Tue, 04 Mar 2003

Foods that help fight stress

Melissa Southern-Garcia Dietitian Jakarta SouthernDietitian@yahoo.com

Long working hours, the hectic pace of life and poor eating habits all go hand in hand. In times of stress, the human body actually needs more nutrients and the body becomes caught in a vicious cycle.

While a bag of chips and a Coca-Cola may be a quick and easy lunch for people in a hurry, stress is draining the body of essential vitamin and mineral stores. It is no wonder that stress is linked to an overall increase in illness.

Common symptoms of stress include fatigue, headaches, irritability and stomach discomfort. Longer periods of stress can lead to a decrease in the functioning of the immune system, reducing resistance to colds and infections. Although it may be impossible to eliminate stress, it is possible to control some of its effects on the body by making smart nutritional choices.

Eating foods that are packed with four essential stress- fighting nutrients: magnesium, beta-carotene, vitamin C and the B vitamins can help the body when nutrient needs are at their highest.

One of the key players in the body's fight against stress is mineral magnesium. According to the American College of Nutrition, magnesium is necessary for the production and transport of energy. In times of stress the body's reserves decrease rapidly and its levels of stress-hormones rise. To maintain magnesium at healthy levels in the body a diet should included plenty of green, leafy vegetables such as spinach, soy products such as tofu, milk and bananas.

Antioxidants such as beta-carotene and vitamin C are also key to a healthy body and immune system. Cells involved in resisting infections contain high levels of vitamin C, but these levels drop quickly in stressful situations. Vitamin C is easily found in a variety of fruits and vegetables such as oranges, lemons and green and red peppers.

Many commercial vitamin C preparations are available as well. However, some studies have shown that antioxidants in the form of supplements may not be as effective as in the food form. Choosing a fresh fruit or vegetable provides the added benefit of a combination of nutrients such as potassium and folic acid, and also provides fiber that is helpful for proper digestion.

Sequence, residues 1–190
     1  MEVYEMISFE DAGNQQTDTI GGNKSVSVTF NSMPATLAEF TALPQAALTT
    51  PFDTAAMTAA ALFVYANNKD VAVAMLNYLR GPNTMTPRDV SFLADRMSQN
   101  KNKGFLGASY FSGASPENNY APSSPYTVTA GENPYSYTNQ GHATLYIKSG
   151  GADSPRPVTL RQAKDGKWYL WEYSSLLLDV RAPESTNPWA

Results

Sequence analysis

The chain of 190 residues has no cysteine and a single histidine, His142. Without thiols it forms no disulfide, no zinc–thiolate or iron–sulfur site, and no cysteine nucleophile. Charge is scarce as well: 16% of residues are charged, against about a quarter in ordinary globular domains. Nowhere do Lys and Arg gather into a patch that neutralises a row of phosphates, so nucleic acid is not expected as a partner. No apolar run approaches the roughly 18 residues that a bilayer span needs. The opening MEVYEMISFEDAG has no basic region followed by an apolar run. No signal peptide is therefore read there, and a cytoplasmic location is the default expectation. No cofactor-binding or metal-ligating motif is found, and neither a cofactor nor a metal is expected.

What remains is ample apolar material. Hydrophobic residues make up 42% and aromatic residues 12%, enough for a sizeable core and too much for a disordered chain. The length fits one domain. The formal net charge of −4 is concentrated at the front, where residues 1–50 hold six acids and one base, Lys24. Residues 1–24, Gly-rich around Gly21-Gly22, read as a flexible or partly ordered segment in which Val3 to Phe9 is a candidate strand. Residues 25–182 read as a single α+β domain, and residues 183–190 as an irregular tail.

The antioxidant beta-carotene is found not only in carrots as the name indicates, but also in fruits and vegetables that are orange, yellow or red in color. There is strong evidence indicating that beta-carotene enhances the function of the immune system, and it should be included in a stress-fighting diet.

The B vitamins, essential for the functioning of the nervous system, play a vital role in times of stress. These vitamins are necessary for the body to convert foods high in fats and carbohydrates -- such as snack foods that are so often consumed by stressed people in a hurry -- into energy. A deficiency of B vitamins can occur rather easily and can cause irritability and fatigue. Eating plenty of green, leafy vegetables, grains and meat products can help ensure an adequate intake of B vitamins.

Avoiding alcohol, which stresses the body and depletes B vitamin reserves, is also necessary.

It is important to remember that every bite counts in times of stress. Planning ahead so that healthy choices are readily available and unhealthy snacks can be avoided is the first step.

One way to always be prepared is to have "stress-fighting foods" at hand. Three excellent choices are avocado, broccoli and papaya, since each contains a mix of several of the essential stress-fighting nutrients. Overcoming stress may be difficult to do, but giving the body the right foods it needs to fight back is a big step in the right direction.